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Python sample code files

I have just installed your Python 2.7.6 under Z/os 2.1. So far so good.

Do you have a couple of sample programs which show how to use the open() to read the three types of files available: 1) Z/os datasets, 2) USS files, 3) DDNAMEs?

I am guessing that 3) can’t be done, but certainly 1) and 2) would be great!

Thanks

I would disagree: option 3 is doable if the implementer chooses to support it.

For example: Dovetailed Software provides additional shell oriented functionality (think along the lines of ‘cat’ and not python stuff) that references DDDEFs with the syntax //DD:SAMPLEDD while DSNs are in //SAMPLE.DSN.NAME(MEMBER).

Sorry that I can’t give you any python examples, though!

oe2a.py.doc (2.8 KB)

The attached file has the translation tables between the open edition code page 1047 and the latin1 (819) (The .doc was added to the file name so that it could be uploaded)

from oe2a import tt1047_819
f2=open("//'MM.JCL(TEST)'")
for line in f2.read().translate(tt1047_819).split('\n'):
    print line

The above Python code does the following:

  1. opens PDS member TEST in dataset MM.JCL for reading
  2. reads the complete file
  3. translates the text to ascii
  4. splits the text by lines and
  5. prints the lines

Note the special file name syntax for z/OS datasets. The syntax is described in XL C/C++ Programming Guide / Chapter 10 / Opening Files.

:slight_smile:

ad Point 3) reading from files defined by DD names.

Here is an example for running a python script from a batch job.

//MMPY     JOB MM,CLASS=K,MSGCLASS=X                      
//*                                                       
//* Batch Unix Program Spawn Local (BPXBATSL)             
//*                                                       
//* Note: - Environment Variables are not expanded in PARM  
//*       - STDENV needed to set env (profile not used)     
//*       - STDPARM overcomes line limitation, parameters   
//*         may be split over several lines                 
//*                                                         
//BPX      EXEC PGM=BPXBATSL,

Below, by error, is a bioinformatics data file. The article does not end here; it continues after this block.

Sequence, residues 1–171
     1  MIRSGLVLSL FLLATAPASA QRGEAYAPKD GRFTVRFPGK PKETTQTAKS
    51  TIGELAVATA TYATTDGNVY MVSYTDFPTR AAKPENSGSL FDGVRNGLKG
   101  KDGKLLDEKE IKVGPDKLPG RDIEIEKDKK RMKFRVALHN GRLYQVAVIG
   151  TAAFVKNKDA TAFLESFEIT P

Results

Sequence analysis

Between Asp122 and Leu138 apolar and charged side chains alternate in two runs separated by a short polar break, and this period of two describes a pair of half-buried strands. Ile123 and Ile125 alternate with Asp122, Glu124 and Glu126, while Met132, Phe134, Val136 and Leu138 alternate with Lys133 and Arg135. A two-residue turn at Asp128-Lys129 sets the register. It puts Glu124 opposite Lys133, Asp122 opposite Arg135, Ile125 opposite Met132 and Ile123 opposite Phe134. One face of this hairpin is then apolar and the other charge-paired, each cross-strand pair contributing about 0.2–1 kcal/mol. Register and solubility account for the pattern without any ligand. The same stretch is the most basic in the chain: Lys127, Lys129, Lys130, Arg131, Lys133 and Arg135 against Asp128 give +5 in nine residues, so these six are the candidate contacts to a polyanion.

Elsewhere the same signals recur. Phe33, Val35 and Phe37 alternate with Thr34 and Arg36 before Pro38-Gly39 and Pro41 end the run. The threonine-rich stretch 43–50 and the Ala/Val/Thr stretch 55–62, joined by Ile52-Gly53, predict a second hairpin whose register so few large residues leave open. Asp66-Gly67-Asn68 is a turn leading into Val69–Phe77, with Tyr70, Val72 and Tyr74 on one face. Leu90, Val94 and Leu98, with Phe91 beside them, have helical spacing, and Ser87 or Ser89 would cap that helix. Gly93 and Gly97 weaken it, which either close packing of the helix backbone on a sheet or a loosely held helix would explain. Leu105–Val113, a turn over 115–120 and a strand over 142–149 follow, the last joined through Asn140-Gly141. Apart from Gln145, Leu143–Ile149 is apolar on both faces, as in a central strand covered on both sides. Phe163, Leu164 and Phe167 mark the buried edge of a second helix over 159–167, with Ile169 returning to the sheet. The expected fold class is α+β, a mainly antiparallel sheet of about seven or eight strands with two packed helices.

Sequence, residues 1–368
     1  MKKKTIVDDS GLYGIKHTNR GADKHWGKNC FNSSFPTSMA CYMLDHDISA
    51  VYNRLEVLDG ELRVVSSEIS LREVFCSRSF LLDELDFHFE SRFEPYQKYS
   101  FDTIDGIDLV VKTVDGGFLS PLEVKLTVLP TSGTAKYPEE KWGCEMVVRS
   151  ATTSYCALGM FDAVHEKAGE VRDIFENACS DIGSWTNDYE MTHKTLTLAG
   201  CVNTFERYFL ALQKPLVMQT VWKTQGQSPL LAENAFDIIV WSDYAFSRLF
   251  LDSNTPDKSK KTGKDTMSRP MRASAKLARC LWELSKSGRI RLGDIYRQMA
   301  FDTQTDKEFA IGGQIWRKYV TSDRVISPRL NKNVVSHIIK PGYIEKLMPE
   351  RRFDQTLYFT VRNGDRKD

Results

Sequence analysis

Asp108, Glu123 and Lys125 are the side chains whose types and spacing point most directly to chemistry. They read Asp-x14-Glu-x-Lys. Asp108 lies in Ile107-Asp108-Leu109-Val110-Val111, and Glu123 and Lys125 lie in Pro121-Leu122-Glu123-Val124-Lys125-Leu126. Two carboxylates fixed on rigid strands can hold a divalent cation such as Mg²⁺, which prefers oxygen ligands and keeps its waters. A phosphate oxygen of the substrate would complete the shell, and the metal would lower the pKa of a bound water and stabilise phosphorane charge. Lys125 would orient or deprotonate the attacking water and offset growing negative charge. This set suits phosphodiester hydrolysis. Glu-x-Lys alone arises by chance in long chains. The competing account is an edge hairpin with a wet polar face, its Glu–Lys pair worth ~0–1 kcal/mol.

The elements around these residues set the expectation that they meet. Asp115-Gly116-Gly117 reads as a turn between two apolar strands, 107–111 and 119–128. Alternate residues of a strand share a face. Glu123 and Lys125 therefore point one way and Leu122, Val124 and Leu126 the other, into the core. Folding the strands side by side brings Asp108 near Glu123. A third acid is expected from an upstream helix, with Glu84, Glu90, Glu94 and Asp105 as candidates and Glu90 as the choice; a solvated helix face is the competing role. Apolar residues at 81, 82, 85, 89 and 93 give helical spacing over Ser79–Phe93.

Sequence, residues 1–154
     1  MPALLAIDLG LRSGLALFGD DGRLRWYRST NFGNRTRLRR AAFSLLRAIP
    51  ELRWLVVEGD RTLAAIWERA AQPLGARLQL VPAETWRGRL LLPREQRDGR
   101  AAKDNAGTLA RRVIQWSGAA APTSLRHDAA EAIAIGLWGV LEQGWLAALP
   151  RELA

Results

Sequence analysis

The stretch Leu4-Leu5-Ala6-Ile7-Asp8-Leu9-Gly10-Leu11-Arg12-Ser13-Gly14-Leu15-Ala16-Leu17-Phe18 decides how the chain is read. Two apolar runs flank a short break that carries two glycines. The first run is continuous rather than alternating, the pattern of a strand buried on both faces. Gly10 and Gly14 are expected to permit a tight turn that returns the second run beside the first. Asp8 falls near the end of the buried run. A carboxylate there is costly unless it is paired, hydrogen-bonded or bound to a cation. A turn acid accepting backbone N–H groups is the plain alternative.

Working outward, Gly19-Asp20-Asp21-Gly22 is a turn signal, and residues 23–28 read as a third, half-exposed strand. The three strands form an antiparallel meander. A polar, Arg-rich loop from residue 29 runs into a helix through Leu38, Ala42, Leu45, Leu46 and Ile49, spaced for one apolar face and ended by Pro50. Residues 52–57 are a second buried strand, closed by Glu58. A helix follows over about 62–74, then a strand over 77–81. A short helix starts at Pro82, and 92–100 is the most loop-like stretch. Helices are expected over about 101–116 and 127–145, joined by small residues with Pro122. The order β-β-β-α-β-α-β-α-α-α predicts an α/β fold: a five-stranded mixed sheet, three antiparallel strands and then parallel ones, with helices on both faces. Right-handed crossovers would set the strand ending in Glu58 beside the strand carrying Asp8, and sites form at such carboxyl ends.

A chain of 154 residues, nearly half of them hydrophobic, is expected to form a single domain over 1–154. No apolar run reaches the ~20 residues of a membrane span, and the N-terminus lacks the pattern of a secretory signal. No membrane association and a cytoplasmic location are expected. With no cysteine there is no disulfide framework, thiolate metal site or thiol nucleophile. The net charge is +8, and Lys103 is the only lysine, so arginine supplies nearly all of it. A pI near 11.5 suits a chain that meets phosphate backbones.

//    PARM='PGM /u/mm/py27/bin/python /u/mm/apy/ddreader.py'   
//*                                                       
//DDIN     DD DISP=SHR,DSN=MM.JCL(PY2PUB)                 
//*                                                       
//STDOUT   DD SYSOUT=*                                    
//STDERR   DD SYSOUT=*                                    
//STDENV   DD *                                           
PY27=/u/mm/py27                                           
LIBPATH=/u/mm/py27/lib:/lib:/usr/lib:.                    
PYTHONHOME=/u/mm/py27                                     
PYTHONPATH=/u/mm/py27/lib/python2.7                       
_BPXK_AUTOCVT="ON"                                        
_BPX_SHAREAS=MUST                                         
_BPX_BATCH_SPAWN=YES                                      
//                                                        

Important is to use the BPXBATSL that does the spawn of the python program instead of BPXBATCH which does an exec that creates a new job step for python thus loosing the DD names.

See also Unix System Services Command Reference
Appendix D. Running shell scripts or executable files under
MVS environments

The DDIN DD name is being used in the python script ddreader.py

from oe2a import tt1047_819                              
f2=open('//DD:DDIN','r')                                 
print '--- Reading from //DD:DDIN'                         
for line in f2.read().translate(tt1047_819).split('\n'): 
    print line                                           
print '--- ddreader.py terminated'

Obviously, the file tagging does not work for z/OS files, so the python program needs to handle text conversion itself. Due to the swapped nl,lf byte codes the standard EBCDIC encodings e.g. cp037 provided with Python do not work for line breaks.

Would be nice if the Rocket Python would provide these encodings so the kludgy code with the translate table could be replaced by a readline from a file that was opened with encoding.

:slight_smile:

Hi M_Mueller,
Are you using the 2.7.6 port of python or the new 2.7.12 which is in beta?

I have used the 2.7.12 Beta2. Should there be a difference?
Probably, beginning with 2.7.12 internal text is in ASCII and not in EBCDIC and there are conversion complexities.

So in Python 2.7.6 reading can be simplified:

f=open("//'MM.JCL(TEST)'")
for line in f:
    print line,

The I/O routines split the lines after the ‘\n’ which is \x15.
(With the comma after the “print line” there will be no additional line feed).

Dear mister,
have you got an example how to write to MVS data set information (for example, My_Arr which is a numpy array) to force it be written in Latin1 encoding?